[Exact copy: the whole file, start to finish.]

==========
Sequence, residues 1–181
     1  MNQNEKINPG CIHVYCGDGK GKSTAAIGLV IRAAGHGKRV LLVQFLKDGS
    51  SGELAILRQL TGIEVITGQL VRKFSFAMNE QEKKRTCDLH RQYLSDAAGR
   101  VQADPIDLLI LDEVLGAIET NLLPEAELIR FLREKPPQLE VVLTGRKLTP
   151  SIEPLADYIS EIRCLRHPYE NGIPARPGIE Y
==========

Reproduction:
Sequence, residues 1–181
     1  MNQNEKINPG CIHVYCGDGK GKSTAAIGLV IRAAGHGKRV LLVQFLKDGS
    51  SGELAILRQL TGIEVITGQL VRKFSFAMNE QEKKRTCDLH RQYLSDAAGR
   101  VQADPIDLLI LDEVLGAIET NLLPEAELIR FLREKPPQLE VVLTGRKLTP
   151  SIEPLADYIS EIRCLRHPYE NGIPARPGIE Y